Flossing Is Not Enough: How Proper Oral Care Techniques Can Make a Huge Difference

Flossing is a very important step in a good oral care routine. However, flossing alone is simply not enough to maintain optimum oral health. Flossing is beneficial only for getting the buildup of plaque and food that is between the teeth. This leaves a large portion of your mouth untouched, giving bacterial ample space to grow. An ideal oral care routine includes flossing daily, brushing at least two times per day, using mouthwash daily, and even cleaning your tongue daily. These steps are only beneficial if done properly.

Flossing and brushing are a perfect match in oral care. What one misses the other gets. The purpose of performing both is to reduce the number of bacteria in your mouth, and the food that feeds them. This bacteria feeds on the plaque and produces an acid, this acid eats away at tooth enamel and causes cavities. This same bacteria also produces the waste that causes bad breath. It is often found in the plaque, and neither brushing nor flossing alone can remove all of it. In order to make the most of your time, and provide the best care for your teeth, it is important to know how to do each step properly and just what those steps are.

Flossing Your Teeth

Flossing is simple, extremely important, and often the most neglected oral care step. To floss properly begin by choosing a dental floss that will not fray. Start with 18” or so of floss. Wrap 14” around your index or middle finger, whatever is more comfortable, and the rest around the same finger on the opposite hand. Glide the floss that is left unwound between your teeth, gently curving is against your tooth when you reach your gum line, and sliding it alongside the tooth. As the floss collects plaque and food, release the fresh floss from the side that you wound 14” on and wrap the dirty floss around the other finger so you can maintain an even tension. Always be sure to pay close attention to the very back teeth!

Brushing Your Teeth

Now that you have flossed properly, it is time to brush! I recommend a soft bristle brush that you replace no less than every 3 months or sooner if your bristles show wear. You want to begin with a fluoride tooth paste, about the size of a pea, and hold the brush at a 45 degree angle at your gum line. Use gentle pressure and a circular motion to get the bristles both on and between teeth. Focus on one or two teeth at a time taking care to get both the front and back of each tooth and alone the gum lines. You should be brushing two minutes, at least two times per day.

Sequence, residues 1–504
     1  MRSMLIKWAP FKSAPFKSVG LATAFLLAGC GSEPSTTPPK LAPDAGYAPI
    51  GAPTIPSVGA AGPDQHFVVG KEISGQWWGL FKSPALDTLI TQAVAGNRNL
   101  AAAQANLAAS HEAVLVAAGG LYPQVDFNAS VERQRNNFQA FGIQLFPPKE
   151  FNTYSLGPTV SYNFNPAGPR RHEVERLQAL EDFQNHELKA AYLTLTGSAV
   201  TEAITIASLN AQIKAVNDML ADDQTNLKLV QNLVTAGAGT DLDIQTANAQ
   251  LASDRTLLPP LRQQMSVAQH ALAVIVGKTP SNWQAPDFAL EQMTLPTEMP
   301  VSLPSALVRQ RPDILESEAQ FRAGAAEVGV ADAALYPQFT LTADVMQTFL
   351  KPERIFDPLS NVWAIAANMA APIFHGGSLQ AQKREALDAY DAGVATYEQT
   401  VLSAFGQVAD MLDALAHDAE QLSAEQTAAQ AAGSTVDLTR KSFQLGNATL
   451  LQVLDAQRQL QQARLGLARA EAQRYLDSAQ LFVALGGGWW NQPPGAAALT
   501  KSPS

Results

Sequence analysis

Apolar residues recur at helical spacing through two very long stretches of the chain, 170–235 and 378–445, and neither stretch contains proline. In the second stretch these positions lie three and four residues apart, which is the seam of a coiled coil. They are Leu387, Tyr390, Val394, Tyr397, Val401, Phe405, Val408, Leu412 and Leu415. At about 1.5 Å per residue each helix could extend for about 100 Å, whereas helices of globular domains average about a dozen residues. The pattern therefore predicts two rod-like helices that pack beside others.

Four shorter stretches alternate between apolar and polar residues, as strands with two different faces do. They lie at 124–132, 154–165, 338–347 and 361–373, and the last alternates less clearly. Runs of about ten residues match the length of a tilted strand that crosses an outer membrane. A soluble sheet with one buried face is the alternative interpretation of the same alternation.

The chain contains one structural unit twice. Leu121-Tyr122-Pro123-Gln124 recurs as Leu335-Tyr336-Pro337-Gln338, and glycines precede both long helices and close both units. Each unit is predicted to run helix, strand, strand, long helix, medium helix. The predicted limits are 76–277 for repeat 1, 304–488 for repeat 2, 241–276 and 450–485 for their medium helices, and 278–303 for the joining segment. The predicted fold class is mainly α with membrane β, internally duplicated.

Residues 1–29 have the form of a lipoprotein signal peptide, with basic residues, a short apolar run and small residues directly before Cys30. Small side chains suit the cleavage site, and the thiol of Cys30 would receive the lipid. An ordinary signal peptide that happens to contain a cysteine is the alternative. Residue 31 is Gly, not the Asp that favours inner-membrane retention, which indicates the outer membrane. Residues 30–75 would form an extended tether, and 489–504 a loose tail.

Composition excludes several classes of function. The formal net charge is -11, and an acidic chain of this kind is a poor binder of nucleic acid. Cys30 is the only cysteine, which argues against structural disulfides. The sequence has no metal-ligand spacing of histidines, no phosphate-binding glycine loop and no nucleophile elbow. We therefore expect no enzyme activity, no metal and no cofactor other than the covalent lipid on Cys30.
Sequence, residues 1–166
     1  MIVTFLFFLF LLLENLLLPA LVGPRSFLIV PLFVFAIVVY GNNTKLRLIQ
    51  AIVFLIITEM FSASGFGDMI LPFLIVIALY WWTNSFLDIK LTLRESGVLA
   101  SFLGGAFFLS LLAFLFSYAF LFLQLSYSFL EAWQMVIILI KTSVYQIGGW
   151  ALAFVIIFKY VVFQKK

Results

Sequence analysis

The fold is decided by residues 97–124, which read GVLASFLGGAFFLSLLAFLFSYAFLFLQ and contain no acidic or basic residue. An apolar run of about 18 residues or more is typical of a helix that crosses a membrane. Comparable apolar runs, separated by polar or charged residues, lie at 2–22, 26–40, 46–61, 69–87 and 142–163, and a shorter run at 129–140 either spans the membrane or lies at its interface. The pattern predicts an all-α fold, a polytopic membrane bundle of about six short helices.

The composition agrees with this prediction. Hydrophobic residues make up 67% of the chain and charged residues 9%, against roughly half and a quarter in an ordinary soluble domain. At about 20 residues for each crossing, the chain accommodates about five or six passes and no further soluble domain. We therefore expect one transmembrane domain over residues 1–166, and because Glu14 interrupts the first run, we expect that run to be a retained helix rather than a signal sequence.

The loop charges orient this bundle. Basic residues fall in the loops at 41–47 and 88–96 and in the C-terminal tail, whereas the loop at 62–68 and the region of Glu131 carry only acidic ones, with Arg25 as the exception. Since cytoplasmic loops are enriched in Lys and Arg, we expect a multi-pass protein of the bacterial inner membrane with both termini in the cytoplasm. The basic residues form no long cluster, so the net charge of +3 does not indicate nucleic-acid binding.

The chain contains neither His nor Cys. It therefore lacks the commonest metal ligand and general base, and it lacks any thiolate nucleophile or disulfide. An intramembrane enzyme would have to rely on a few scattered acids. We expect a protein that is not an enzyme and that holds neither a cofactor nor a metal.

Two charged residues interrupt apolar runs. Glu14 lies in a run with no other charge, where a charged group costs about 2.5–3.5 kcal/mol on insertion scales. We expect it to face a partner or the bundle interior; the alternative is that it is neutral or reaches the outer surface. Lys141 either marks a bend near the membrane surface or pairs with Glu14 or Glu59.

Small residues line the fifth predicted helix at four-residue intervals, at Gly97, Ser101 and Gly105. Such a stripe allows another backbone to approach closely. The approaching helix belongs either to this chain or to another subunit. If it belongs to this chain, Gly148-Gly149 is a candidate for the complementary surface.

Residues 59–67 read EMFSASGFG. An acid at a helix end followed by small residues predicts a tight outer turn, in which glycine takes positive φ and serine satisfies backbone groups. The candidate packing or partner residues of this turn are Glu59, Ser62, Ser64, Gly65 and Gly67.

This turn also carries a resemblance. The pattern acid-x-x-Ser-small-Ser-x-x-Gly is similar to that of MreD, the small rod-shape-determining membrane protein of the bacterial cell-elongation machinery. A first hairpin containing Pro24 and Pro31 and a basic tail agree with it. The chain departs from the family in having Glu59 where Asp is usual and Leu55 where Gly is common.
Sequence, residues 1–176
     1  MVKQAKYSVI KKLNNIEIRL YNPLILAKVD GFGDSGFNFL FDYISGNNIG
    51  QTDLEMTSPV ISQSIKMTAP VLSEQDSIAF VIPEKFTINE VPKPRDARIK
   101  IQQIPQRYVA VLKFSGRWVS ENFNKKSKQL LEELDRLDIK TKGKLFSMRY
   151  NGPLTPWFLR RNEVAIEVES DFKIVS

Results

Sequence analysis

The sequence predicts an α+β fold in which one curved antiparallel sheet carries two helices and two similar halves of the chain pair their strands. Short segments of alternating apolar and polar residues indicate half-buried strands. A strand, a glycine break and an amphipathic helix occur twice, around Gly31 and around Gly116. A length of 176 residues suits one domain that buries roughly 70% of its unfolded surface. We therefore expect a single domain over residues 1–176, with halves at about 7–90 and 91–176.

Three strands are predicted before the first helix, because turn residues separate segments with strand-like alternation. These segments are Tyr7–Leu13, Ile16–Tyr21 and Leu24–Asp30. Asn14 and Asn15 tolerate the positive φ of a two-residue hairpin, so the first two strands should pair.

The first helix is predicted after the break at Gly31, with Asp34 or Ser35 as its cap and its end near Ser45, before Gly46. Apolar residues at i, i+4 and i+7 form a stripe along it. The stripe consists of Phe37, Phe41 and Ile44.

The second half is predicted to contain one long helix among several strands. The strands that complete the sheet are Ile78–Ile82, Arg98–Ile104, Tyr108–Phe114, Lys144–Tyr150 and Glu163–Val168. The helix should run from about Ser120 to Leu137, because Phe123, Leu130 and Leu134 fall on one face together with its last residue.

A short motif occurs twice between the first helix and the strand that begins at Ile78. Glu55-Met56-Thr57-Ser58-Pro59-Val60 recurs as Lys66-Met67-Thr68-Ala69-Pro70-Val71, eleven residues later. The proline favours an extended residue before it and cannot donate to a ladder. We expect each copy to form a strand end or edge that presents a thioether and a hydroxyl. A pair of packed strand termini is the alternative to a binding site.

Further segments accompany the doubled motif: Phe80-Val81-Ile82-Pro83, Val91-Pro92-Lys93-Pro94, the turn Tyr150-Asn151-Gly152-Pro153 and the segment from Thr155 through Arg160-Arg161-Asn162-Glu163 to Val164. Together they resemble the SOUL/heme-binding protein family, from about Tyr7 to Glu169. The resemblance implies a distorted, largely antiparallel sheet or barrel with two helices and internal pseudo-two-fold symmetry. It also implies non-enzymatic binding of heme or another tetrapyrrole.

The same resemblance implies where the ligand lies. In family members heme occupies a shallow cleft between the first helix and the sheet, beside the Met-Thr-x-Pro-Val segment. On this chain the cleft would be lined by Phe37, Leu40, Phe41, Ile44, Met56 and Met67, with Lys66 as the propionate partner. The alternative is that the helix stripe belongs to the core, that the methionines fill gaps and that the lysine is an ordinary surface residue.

Cleaning Your Tongue

You likely knew that is was important to brush your teeth, but did you also know it is important to brush your tongue? The taste buds on your tongue can harbour that same bacteria that your teeth can. This is a major factor to bad breath. Using your tooth brush and either water, mouth wash, or toothpaste, brush back to front all over your tongue. This will reduce yellowing on the tongue, and freshen your breath!

Rinsing Your Mouth

The last step helps clear the whole mouth of bacteria. This step is: Mouthwash! Mouthwash is the perfect ally. It freshens breath, and kills bacteria the other steps may have missed. There are a multitude of choices out there, from alcohol free for a sensitive mouth, to kinds prescribed by the dentist to eliminate gingivitis. The most common one is used for killing bacterial plaque that causes cavities and gum disease. To use it, read the label and swish and gargle the appropriate amount for 30 seconds one or two times per day. Be sure to not drink water right after so the mouthwash has time to work.

Following these steps as a daily part of your oral care routine, along with regular dental check-ups will help ensure a healthy mouth! It is important to do each consistently and properly so that they are able to get rid of any bad bacteria build up that might cause bad breath, cavities, or gum diseases.

Share:

Leave a Reply